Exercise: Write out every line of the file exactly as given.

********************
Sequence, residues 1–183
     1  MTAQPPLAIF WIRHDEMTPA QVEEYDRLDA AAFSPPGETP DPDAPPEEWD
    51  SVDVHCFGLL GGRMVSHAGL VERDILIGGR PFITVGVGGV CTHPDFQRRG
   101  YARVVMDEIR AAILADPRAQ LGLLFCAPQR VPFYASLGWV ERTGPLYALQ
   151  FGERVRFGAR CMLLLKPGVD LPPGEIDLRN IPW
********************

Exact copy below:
Sequence, residues 1–183
     1  MTAQPPLAIF WIRHDEMTPA QVEEYDRLDA AAFSPPGETP DPDAPPEEWD
    51  SVDVHCFGLL GGRMVSHAGL VERDILIGGR PFITVGVGGV CTHPDFQRRG
   101  YARVVMDEIR AAILADPRAQ LGLLFCAPQR VPFYASLGWV ERTGPLYALQ
   151  FGERVRFGAR CMLLLKPGVD LPPGEIDLRN IPW